1. The lattice dislocation D’B glides towards the CTB (Figure 5b).

  2. After the dislocation D’B encounters the CTB, it dissociates into a sessile Frank partial dislocation D’δ and a TD δB. The TD moves away from the intersection on the twin plane, resulting in the migration of the TB upwards by one atomic layer (Figure 5c). This initial dissociation had been confirmed in earlier MD simulations [34].

  3. Once the partial δB moves away, the Frank partial D’δ could reassemble into a full dislocation accompanying the creation of a TD. This process is energetically un-favored. However, it could likely occur corresponding to plastic work and dislocation core reaction. Firstly, the dislocation core relaxes with a highly nonlinear energy change. The dissociation results new dislocations within a core dimension and the elastic energy is unchanged or slightly changed in the material. Secondly, the reassembly of a full dislocation from the Frank dislocation enables slip transmission, performing work. This reaction is very similar to that occurring at ratchet pole twinning generators and driven by the shear stress [68-71]. Correspondingly, the reaction is written as D’δ = D’B + or D’δ = D’A+. Once the dissociation is completed, the shear stress prevents the two partials and δB from annihilation, as shown in Figure 5 d.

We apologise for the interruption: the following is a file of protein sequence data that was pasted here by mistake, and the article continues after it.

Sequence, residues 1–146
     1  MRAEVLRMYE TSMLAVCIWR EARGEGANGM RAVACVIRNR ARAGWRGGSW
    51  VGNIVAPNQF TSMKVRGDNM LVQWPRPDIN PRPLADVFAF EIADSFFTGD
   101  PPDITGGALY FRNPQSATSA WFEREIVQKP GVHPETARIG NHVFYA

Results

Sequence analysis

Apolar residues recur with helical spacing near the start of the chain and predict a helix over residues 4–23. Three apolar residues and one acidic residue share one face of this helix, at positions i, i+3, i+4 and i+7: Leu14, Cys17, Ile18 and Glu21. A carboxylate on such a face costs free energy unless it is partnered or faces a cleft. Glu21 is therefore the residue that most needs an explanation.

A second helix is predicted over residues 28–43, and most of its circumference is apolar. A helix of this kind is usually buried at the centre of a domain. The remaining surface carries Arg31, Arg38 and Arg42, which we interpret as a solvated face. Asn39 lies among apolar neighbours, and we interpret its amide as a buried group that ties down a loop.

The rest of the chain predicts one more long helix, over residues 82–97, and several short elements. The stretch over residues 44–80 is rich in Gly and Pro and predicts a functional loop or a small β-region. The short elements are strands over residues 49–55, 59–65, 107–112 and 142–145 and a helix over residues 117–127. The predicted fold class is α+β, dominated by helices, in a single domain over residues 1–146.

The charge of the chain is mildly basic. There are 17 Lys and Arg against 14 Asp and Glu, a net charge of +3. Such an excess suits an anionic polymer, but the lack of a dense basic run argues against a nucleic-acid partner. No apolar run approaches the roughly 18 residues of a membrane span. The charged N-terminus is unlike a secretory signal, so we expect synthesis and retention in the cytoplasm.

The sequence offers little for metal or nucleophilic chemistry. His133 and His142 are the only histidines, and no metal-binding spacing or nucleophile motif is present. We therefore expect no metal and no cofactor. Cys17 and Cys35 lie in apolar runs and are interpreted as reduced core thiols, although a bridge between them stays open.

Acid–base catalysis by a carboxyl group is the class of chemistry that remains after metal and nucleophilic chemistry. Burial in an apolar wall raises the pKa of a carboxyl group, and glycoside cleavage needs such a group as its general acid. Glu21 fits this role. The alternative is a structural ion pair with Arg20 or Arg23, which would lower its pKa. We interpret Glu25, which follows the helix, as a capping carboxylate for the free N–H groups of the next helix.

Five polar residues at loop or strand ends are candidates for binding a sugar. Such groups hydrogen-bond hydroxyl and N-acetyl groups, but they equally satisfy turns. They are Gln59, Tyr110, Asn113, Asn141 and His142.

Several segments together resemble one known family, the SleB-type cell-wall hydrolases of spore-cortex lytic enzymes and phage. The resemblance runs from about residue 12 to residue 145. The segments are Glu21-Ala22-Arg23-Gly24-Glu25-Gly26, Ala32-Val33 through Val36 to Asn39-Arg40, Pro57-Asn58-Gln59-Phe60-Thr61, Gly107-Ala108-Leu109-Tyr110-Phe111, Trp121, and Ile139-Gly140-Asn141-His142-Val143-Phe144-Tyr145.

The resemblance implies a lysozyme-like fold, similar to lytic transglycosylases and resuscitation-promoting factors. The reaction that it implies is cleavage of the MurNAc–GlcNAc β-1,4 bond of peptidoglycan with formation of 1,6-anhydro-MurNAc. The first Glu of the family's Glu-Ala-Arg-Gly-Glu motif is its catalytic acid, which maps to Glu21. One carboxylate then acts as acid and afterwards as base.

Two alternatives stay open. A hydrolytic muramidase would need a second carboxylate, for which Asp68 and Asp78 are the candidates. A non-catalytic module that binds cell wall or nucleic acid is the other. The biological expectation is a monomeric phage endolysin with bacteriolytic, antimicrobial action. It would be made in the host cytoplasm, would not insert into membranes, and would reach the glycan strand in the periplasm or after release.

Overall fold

4. The dislocation D’B then can experience a similar dissociation process as in (b) above. That is D’B = D’δ + δB. The shear stress causes the TD δB to move away, resulting in the migration of TB upward by one atomic layer (Figure 5e).